Place the cornmeal, flour and salt in the bowl of a food processor.  Pulse to combine.  With the machine running, add the butter, piece by piece, through the feed tube.  Add the chopped thyme or sage leaves.   With the processor running, pour the water, a tablespoon at a time, through the feed tube.    The dough should come together when pinched.

Form into a disk and flatten out.   Wrap in saran wrap and refrigerate for 30 minutes. 

Place a piece of parchment on a work surface and dust with cornmeal.   Dust the top of the disk with cornmeal and top with another piece of parchment paper.   Roll dough out into an 11-inch round.   Remove top piece of parchment.   Place dough, with bottom parchment paper, onto a baking sheet pan.

Tomato Feta Galette

  • Ingredients
  • 4 medium tomatoes
  • 3 tablespoons homemade breadcrumbs
  • 2 teaspoons extra-virgin olive oil, divided
  • 3/4 cup diced white onion, about one medium
  • 1 tablespoon chopped fresh basil or 1 teaspoon dried
  • 6 ounces of feta cheese, crumbled
  • ½ teaspoon coarse sea salt
  • 1 large egg
  • 1 tablespoon cream or half and half
  • 1 tablespoon snipped fresh chives

Preheat oven to 375 degrees.   Slice the tomatoes into ¼-inch slices.  Place on a paper towel lined plate to absorb excess liquid.

Heat a sauté pan on medium heat and add 1teaspoons olive oil.   Add the onion and sauté until translucent.   Remove and let cool to room temperature. 

Roll out the cornmeal herb dough as described above.  Spread the breadcrumbs on the bottom of the galette dough round, leaving a 1-inch border.   Spread the sautéed onion over the breadcrumbs.   Place the tomato rounds in a single layer around the dough.     Sprinkle top of galette with the crumbled feta.    Sprinkle with the sea salt.

Whisk together the egg and the cream/half and half.   Fold the dough edge up over the galette sides.   Pinch the dough edges to create pleats.   Brush top for the pleated dough with the egg wash.

Bake in the pre-heated oven for 30 to 35 minutes or until the crust is browned and crisp.   Cool for 10 minutes.   Drizzle with the remaining 1 teaspoon of olive oil and sprinkle with the sniped chives. 

Posted in Appetizers, Entrees, Vegetarian | Tagged , ,

Beets, Cara Cara Orange and Goat Cheese Salad

Beet and cars cara orange salad with goat cheese

Beet cara cara goat cheese salad

Making a summer salad is easy.  Ingredients are sometimes right out your back door in your garden or at a close-by farmer’s market.

Winter salads?   Well, that can be more of a challenge.

One of my favorite winter salads uses roasted beets (a mixture of various colors if you are lucky), shaved fennel, mixed greens and oranges.  My favorite winter orange?   Well that’s the Cara Cara orange.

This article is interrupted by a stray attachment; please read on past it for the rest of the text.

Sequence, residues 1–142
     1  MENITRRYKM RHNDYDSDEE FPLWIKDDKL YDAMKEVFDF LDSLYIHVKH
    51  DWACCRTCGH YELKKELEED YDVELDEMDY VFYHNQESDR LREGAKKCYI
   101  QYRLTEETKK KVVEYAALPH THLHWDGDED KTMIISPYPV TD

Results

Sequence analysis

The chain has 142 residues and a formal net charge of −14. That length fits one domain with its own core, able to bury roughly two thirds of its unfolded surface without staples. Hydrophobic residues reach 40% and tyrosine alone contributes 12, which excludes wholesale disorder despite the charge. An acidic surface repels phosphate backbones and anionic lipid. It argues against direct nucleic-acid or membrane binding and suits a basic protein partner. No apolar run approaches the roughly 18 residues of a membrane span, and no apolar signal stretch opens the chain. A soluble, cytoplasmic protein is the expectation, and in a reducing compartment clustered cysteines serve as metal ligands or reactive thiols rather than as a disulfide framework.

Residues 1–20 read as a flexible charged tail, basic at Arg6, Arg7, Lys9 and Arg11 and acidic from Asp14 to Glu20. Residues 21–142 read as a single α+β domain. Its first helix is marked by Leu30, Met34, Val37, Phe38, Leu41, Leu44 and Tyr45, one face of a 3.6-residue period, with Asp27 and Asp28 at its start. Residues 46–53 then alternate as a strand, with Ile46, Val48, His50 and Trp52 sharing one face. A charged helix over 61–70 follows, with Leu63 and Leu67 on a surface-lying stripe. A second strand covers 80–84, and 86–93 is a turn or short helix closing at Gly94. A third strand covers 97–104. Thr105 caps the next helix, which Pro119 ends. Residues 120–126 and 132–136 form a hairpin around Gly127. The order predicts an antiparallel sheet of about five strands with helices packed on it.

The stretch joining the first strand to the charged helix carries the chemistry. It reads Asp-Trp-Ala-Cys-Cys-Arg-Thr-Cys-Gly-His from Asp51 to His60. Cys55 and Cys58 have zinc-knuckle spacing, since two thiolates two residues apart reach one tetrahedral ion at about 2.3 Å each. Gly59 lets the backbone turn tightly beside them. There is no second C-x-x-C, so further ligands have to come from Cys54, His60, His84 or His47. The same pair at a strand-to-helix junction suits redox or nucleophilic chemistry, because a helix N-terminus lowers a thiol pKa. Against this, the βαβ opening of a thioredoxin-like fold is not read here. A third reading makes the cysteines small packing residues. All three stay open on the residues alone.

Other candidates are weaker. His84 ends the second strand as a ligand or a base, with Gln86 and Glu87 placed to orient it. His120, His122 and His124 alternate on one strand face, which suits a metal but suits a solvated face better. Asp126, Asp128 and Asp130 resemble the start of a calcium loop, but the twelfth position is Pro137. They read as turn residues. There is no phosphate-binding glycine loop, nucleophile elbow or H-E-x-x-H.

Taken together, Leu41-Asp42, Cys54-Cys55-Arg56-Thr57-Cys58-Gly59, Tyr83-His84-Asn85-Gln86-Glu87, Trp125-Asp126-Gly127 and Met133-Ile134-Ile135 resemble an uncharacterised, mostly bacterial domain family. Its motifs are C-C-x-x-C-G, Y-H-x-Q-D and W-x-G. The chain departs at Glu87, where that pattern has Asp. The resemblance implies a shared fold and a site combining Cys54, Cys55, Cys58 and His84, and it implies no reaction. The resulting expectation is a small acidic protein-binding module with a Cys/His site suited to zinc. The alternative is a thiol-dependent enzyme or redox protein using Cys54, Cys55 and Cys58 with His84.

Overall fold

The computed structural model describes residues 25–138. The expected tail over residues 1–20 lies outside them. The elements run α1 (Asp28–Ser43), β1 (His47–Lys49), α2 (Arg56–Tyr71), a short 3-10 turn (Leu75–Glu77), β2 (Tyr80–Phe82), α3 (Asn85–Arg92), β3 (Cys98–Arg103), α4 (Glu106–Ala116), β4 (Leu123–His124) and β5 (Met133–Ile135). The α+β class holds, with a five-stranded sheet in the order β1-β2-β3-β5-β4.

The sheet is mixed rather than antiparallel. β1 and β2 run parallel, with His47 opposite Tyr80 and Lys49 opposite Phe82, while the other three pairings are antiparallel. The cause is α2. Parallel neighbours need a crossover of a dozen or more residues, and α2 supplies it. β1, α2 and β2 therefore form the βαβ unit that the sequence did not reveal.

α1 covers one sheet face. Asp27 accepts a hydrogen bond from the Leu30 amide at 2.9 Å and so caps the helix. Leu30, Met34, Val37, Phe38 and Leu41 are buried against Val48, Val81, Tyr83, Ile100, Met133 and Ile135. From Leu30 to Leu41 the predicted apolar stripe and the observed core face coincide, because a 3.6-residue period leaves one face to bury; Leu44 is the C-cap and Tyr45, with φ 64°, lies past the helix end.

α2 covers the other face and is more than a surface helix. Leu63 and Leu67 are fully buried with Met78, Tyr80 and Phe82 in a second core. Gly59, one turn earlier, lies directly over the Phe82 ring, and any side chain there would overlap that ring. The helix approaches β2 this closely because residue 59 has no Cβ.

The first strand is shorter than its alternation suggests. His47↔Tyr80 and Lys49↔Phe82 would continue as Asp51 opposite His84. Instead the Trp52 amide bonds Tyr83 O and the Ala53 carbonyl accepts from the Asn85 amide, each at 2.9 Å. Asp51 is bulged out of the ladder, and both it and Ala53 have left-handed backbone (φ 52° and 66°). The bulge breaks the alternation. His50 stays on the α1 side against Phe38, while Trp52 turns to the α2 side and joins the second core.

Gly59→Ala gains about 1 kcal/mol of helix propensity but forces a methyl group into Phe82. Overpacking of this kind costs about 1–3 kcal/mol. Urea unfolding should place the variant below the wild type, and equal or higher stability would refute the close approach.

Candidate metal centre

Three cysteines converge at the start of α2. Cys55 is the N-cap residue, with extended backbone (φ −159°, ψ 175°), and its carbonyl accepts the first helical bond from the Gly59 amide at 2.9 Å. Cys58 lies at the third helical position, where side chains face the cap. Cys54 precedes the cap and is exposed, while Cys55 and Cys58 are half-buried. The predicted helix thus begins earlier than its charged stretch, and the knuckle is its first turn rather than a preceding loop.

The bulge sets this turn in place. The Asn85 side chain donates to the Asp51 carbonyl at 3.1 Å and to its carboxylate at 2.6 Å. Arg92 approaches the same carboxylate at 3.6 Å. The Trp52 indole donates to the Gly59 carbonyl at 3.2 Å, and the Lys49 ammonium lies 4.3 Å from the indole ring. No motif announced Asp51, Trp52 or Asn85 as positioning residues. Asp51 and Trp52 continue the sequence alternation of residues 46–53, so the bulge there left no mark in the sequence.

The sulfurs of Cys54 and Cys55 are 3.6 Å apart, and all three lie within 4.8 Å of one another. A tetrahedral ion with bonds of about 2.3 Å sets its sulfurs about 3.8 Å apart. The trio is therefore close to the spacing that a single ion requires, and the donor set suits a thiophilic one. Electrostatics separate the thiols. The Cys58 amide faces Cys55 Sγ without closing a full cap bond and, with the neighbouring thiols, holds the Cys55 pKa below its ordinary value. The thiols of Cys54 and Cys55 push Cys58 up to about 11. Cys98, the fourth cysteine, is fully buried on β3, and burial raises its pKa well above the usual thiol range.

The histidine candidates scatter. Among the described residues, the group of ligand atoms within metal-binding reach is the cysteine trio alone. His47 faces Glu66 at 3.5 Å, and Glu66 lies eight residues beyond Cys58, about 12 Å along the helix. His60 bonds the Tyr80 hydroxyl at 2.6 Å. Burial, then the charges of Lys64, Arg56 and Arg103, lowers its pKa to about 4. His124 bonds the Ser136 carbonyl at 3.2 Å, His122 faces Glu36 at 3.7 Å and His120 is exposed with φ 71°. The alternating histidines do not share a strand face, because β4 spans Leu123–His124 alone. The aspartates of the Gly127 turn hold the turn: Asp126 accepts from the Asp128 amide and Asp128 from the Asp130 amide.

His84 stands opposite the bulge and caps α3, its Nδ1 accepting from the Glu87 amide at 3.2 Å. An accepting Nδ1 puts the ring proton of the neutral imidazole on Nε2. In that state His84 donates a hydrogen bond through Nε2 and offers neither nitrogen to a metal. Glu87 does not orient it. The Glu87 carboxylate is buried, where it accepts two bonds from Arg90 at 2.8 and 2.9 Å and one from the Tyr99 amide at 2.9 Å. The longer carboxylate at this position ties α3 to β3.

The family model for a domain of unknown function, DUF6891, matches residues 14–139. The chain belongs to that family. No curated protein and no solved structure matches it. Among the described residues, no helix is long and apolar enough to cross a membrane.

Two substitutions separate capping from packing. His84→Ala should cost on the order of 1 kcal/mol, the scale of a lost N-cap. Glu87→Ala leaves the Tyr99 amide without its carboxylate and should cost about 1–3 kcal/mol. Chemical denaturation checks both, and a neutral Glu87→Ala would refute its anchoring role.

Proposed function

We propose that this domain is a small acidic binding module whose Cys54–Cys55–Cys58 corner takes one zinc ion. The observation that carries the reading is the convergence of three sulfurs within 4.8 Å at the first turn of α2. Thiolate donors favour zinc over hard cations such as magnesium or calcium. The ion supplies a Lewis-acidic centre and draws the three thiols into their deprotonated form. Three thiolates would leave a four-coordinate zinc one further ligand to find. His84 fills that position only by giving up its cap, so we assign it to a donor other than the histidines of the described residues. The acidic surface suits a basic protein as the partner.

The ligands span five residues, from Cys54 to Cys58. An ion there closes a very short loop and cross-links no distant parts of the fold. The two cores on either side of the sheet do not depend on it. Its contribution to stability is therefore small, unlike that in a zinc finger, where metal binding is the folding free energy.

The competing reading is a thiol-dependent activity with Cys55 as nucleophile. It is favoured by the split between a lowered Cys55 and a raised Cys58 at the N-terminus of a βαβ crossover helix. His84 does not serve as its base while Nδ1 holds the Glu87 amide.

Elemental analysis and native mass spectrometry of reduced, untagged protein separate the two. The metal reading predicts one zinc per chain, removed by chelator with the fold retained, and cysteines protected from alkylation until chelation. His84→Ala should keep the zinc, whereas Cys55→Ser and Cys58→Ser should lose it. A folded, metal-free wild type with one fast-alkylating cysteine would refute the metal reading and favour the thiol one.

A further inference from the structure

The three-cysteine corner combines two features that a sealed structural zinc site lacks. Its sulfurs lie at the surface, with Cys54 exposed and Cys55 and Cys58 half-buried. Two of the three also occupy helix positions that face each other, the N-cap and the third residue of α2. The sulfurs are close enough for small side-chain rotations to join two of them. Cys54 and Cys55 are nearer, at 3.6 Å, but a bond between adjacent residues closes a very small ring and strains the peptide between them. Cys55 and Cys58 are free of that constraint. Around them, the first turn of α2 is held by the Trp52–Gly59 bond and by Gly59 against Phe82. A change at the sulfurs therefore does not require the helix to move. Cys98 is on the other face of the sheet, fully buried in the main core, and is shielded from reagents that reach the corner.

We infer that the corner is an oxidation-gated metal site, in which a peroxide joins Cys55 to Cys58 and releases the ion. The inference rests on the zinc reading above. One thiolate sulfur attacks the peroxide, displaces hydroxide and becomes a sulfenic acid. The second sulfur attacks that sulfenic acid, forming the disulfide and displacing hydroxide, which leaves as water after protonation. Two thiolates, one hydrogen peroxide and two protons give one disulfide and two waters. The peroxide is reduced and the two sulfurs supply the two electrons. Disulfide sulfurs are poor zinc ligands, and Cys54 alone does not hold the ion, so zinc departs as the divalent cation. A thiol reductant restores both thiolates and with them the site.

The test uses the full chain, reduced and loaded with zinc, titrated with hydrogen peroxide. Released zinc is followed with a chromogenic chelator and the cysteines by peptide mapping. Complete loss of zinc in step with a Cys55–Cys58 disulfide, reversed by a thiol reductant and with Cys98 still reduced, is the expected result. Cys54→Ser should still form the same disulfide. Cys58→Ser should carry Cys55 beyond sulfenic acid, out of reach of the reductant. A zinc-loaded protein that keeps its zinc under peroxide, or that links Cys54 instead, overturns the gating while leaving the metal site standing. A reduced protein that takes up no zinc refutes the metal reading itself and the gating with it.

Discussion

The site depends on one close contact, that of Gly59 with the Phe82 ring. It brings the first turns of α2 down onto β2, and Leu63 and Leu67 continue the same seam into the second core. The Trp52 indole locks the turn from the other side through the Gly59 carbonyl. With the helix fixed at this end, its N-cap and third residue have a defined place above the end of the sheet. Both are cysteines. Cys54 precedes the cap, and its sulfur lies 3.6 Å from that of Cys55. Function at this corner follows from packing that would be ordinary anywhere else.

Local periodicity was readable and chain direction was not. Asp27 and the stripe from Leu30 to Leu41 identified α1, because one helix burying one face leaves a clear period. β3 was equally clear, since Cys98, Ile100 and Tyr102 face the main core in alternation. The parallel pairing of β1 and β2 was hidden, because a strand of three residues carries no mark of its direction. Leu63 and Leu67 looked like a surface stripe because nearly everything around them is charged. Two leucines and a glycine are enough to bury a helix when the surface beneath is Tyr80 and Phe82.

The Cara Cara orange, available December through April, is a newer addition to the American citrus market.  Sometimes referred to as a red navel, the Cara Cara is a cross between the Washington navel and the Brazilian Bahia navel.  Originating at the Hacienda Cara Cara in Venezuela, the fruit was brought to the United States in the late 80’s.   Because they’re seedless, these ruby-fleshed gems make the perfect fruit to perk up a winter salad.

Tossed in a homemade vinaigrette and garnished with a few pieces of goat cheese and you have a terrific winter salad.

Beet, Orange and Goat Cheese Salad
Look for seedless and colorful oranges like Cara Cara or blood oranges.
Serves 6

  • 2 large beets, red or yellow
  • 1 small fennel bulb, fronds (top) removed
  • 2 Cara Cara or blood oranges, peeled and cut into segments
  • 2 tablespoons toasted pine nuts or walnut pieces
  • 4 cups red leaf or green leaf lettuce
  • 4 ounces of goat cheese, crumbled
  • 3 tablespoons chopped fresh mint
  • 1 tablespoon honey
  • 3 tablespoons white wine vinegar
  • 1 tablespoon walnut oil
  • 4 tablespoons extra-virgin olive oil, divided
  • ½ teaspoon salt
  • 1/8 teaspoon white pepper


To prepare the beets -  Preheat the oven to 350 degrees.    Place raw, cleaned beets on a large piece of foil and drizzle with one tablespoon olive oil.    Cover tightly with foil and place on a baking pan.   Roast in the preheated oven until tender – about 45 minutes to one hour depending on the size of the beets.  A paring knife should easily go through the beets when they are done.

 When the beets are cool enough to work with, place them under cold water and remove the skins.  A paring knife may be needed to remove all of the beet skin.    Cut into thin slices or wedges. 

Halve the fennel bulb.   Use a paring knife to remove the inner fennel core.   Using a sharp knife or a mandoline slicer, slice the fennel bulb into thin slices.

Make the dressing by combining the honey, white wine vinegar, walnut oil, salt and pepper in a bowl.   Whisk in the remaining 3 tablespoons olive oil.

Place the lettuce, nuts, sliced fennel bulb, chopped mint and oranges in a bowl.   Toss with dressing.  Place on a large serving platter or on 6 individual plates.   Place the cooked beets around the salad along with the goat cheese.